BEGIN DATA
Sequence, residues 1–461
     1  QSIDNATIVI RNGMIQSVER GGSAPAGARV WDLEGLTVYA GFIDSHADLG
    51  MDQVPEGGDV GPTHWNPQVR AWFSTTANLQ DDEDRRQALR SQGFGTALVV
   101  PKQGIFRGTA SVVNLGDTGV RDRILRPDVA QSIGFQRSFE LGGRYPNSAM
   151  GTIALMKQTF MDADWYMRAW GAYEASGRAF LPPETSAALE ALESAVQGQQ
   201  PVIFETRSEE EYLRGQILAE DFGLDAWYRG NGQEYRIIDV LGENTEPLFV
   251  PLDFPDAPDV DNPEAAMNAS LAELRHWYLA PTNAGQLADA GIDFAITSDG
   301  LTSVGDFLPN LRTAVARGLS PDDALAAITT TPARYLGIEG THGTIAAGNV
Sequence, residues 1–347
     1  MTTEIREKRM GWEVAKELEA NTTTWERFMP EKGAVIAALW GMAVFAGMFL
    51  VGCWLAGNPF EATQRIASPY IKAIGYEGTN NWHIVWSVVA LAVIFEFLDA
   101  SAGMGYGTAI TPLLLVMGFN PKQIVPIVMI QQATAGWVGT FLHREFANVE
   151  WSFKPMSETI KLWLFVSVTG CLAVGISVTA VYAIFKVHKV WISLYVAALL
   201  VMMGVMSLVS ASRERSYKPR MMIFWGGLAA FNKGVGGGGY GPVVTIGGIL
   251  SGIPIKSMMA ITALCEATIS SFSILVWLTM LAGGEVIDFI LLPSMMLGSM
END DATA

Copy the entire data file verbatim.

Sequence, residues 1–461
     1  QSIDNATIVI RNGMIQSVER GGSAPAGARV WDLEGLTVYA GFIDSHADLG
    51  MDQVPEGGDV GPTHWNPQVR AWFSTTANLQ DDEDRRQALR SQGFGTALVV
   101  PKQGIFRGTA SVVNLGDTGV RDRILRPDVA QSIGFQRSFE LGGRYPNSAM
   151  GTIALMKQTF MDADWYMRAW GAYEASGRAF LPPETSAALE ALESAVQGQQ
   201  PVIFETRSEE EYLRGQILAE DFGLDAWYRG NGQEYRIIDV LGENTEPLFV
   251  PLDFPDAPDV DNPEAAMNAS LAELRHWYLA PTNAGQLADA GIDFAITSDG
   301  LTSVGDFLPN LRTAVARGLS PDDALAAITT TPARYLGIEG THGTIAAGNV
Sequence, residues 1–347
     1  MTTEIREKRM GWEVAKELEA NTTTWERFMP EKGAVIAALW GMAVFAGMFL
    51  VGCWLAGNPF EATQRIASPY IKAIGYEGTN NWHIVWSVVA LAVIFEFLDA
   101  SAGMGYGTAI TPLLLVMGFN PKQIVPIVMI QQATAGWVGT FLHREFANVE
   151  WSFKPMSETI KLWLFVSVTG CLAVGISVTA VYAIFKVHKV WISLYVAALL
   201  VMMGVMSLVS ASRERSYKPR MMIFWGGLAA FNKGVGGGGY GPVVTIGGIL
   251  SGIPIKSMMA ITALCEATIS SFSILVWLTM LAGGEVIDFI LLPSMMLGSM